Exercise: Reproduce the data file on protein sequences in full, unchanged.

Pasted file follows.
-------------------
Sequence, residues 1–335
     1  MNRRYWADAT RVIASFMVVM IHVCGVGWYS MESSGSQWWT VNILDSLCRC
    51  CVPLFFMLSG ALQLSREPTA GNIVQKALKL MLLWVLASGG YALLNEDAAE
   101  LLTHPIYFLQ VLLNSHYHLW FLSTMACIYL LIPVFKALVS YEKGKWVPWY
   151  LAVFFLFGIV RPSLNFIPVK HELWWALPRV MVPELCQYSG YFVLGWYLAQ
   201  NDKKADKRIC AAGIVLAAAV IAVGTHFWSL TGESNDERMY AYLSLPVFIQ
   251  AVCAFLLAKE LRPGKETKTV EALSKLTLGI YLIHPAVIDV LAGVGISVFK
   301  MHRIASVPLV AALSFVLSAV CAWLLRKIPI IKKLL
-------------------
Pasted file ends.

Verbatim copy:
Sequence, residues 1–335
     1  MNRRYWADAT RVIASFMVVM IHVCGVGWYS MESSGSQWWT VNILDSLCRC
    51  CVPLFFMLSG ALQLSREPTA GNIVQKALKL MLLWVLASGG YALLNEDAAE
   101  LLTHPIYFLQ VLLNSHYHLW FLSTMACIYL LIPVFKALVS YEKGKWVPWY
   151  LAVFFLFGIV RPSLNFIPVK HELWWALPRV MVPELCQYSG YFVLGWYLAQ
   201  NDKKADKRIC AAGIVLAAAV IAVGTHFWSL TGESNDERMY AYLSLPVFIQ
   251  AVCAFLLAKE LRPGKETKTV EALSKLTLGI YLIHPAVIDV LAGVGISVFK
   301  MHRIASVPLV AALSFVLSAV CAWLLRKIPI IKKLL